Events
October 18, 2017Washington D.C.

The Water in Agriculture Innovation Series is a collaborative knowledge platform offered by the Water in Agriculture Global Solutions Group at the World Bank and partners across academia, public and private institutions, and civil society on agriculture and water issues. The series aims to share and promote innovations related to water in agriculture. Check out the webinars of the innovation series below:

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Lightning Talks! Green Infrastructure and Irrigation  

Thursday, December 14, 2017
12:00pm – 1:30pm
MC 7-300, The World Bank

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Lightning Speakers:  

  • Molly Cross Climate Change Adaptation Coordinator, North America Program of the Wildlife Conservation Society
  • Jamie McEvoy Assistant Professor of Geography, Montana State University and Montana Institute on Ecosystems
  • Tom Michalek Hydrogeologist and Research Professor, Montana Bureau of Mines and Geology (MBMG)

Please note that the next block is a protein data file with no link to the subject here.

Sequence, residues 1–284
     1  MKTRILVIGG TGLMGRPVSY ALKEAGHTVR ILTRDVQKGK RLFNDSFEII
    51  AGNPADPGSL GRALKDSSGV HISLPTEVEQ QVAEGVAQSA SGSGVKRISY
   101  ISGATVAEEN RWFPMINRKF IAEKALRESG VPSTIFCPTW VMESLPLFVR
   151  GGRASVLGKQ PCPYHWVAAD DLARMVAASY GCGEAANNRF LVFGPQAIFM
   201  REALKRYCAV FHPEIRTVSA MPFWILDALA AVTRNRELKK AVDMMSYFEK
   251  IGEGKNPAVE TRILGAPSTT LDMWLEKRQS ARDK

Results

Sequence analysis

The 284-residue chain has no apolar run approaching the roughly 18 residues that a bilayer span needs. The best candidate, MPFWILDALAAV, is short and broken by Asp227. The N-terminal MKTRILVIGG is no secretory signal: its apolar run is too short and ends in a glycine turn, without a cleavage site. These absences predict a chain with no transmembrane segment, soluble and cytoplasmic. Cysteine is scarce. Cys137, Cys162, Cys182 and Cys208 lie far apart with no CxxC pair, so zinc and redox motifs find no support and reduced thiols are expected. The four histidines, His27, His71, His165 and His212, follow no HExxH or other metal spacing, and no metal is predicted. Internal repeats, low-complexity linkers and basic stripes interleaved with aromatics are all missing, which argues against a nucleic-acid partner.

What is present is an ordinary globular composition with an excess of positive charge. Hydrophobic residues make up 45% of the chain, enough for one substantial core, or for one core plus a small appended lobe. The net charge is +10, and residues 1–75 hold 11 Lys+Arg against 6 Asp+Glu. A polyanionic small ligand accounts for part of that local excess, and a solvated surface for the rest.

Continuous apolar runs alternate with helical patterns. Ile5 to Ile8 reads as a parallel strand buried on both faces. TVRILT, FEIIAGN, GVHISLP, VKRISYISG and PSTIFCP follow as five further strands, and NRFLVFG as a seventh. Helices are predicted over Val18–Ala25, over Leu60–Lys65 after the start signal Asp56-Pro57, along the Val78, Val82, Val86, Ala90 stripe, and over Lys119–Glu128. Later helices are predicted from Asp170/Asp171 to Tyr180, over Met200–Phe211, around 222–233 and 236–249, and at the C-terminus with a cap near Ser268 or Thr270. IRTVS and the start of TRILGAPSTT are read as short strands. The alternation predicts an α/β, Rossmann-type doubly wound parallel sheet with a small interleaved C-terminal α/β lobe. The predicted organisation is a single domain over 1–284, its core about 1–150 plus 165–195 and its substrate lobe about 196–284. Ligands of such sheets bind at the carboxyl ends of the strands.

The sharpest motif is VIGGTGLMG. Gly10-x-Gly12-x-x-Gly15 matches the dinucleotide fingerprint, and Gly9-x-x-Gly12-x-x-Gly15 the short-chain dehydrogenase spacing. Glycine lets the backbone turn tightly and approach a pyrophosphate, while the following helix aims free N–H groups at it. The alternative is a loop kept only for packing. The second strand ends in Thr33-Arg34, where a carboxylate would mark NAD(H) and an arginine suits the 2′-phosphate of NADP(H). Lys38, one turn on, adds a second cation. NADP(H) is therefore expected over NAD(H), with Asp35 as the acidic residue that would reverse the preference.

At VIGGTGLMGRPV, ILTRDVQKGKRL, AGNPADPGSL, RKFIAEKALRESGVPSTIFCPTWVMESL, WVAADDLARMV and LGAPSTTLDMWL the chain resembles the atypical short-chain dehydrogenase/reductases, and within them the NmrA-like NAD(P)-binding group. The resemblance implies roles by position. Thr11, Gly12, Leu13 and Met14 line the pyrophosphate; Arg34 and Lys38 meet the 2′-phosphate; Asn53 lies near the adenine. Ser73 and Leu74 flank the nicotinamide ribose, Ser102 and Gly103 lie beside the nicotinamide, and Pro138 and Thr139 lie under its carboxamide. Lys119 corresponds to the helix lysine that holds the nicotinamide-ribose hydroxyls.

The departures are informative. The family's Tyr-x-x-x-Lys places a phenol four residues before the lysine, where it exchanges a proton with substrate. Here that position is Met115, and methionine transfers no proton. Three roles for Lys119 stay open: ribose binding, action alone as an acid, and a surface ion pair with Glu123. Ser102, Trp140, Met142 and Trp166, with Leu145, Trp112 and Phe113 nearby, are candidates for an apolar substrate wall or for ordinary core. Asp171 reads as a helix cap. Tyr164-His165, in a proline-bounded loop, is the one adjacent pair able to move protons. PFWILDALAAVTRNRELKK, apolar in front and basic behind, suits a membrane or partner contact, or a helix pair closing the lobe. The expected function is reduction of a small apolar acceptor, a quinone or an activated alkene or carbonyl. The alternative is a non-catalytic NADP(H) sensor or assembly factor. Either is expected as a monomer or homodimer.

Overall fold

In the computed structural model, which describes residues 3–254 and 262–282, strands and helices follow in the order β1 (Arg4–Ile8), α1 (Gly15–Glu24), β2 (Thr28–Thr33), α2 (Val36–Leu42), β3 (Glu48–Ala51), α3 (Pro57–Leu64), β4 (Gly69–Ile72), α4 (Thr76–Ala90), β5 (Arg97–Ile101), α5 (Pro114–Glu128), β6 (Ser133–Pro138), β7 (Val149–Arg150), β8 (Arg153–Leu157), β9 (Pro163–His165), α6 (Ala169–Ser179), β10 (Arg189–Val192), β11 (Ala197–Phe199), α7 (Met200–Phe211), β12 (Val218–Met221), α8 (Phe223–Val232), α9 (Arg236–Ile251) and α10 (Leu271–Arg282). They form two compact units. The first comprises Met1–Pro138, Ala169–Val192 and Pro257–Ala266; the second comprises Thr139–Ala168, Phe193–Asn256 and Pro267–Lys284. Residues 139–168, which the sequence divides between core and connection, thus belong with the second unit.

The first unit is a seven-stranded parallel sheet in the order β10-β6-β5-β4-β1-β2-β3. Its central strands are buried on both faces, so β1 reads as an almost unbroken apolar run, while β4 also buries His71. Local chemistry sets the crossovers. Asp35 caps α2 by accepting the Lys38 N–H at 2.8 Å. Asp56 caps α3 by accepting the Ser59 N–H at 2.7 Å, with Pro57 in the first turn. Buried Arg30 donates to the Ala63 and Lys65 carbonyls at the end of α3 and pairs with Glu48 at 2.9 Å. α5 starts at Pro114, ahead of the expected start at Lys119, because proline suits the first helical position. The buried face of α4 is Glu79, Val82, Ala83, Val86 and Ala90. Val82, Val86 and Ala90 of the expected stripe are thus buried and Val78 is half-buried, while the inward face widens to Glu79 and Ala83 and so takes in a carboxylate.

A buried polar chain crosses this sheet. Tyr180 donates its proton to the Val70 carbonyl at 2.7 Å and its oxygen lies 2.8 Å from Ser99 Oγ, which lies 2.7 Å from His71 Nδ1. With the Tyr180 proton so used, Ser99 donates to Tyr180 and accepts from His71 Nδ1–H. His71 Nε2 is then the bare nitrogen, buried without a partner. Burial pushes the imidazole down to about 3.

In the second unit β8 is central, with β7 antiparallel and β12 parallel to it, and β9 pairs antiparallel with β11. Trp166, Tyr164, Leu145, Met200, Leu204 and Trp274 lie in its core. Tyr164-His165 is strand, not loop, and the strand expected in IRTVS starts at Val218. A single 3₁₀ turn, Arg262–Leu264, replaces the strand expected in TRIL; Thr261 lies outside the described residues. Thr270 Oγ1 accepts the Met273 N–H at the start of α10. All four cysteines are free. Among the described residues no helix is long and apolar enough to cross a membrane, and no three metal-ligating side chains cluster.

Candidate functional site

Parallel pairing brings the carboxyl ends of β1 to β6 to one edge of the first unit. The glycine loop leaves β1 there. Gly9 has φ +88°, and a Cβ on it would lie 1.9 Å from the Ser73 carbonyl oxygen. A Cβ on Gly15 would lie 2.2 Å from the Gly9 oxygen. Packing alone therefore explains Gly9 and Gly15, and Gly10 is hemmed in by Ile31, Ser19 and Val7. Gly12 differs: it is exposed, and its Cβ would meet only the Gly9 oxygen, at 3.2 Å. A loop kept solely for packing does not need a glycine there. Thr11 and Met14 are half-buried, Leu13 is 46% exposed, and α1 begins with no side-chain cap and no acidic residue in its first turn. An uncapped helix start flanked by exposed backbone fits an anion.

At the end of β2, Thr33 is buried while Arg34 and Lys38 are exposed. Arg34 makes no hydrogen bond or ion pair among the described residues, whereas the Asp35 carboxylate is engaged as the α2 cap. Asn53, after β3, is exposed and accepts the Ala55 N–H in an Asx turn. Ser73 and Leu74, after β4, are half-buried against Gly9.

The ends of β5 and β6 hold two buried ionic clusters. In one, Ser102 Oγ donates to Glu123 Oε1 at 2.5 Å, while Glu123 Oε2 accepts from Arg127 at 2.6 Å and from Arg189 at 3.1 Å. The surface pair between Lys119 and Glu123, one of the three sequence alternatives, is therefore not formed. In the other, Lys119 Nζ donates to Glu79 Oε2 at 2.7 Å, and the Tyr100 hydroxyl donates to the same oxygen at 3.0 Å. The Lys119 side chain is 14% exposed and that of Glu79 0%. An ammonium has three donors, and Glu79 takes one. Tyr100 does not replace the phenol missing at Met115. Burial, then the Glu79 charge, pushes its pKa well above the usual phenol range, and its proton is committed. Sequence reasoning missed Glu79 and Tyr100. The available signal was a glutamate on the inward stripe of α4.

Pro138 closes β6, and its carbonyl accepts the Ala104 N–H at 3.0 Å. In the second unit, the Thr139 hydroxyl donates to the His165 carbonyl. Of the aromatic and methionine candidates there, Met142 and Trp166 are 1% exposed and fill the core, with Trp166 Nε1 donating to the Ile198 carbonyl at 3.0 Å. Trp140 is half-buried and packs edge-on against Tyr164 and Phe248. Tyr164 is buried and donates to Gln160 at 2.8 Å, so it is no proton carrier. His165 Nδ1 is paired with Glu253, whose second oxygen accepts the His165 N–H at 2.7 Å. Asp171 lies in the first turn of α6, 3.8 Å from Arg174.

• Nejem Raheem Associate Professor of Environmental Economics, Emerson College
  • James Dalton Coordinator Global Water Initiatives – IUCN Global Water Programme

Chair:  

  • Steven SchonbergerPractice Manager & Global Lead for Water in Agriculture, World Bank

Discussants:

  • Christopher HartleyDeputy Director, Office of Environmental Markets, USDA
  • Glenn-Marie LangeSenior Environmental Economist, World Bank

Is it green? Is it nature-based? Is it low-impact development? Is it natural? Join us for an exciting round of lightning talk presentations that will take us on a journey connecting “green infrastructure” and irrigation!

 

Molly Cross will introduce the Science for Nature and People Partnership (SNAPP) Ecological Drought working group, and how it is attempting to help people and nature be better prepared for droughts of the future, that are likely to be exacerbated by climate change. One of the first products coming out the working group’s efforts is a framework for looking at ecological drought as a coupled human and natural system, that emphasizes the ways that both people and nature are affected by the ecological impacts of drought, and encourages strategies for building drought resilience that can provide mutual benefits to both people and nature.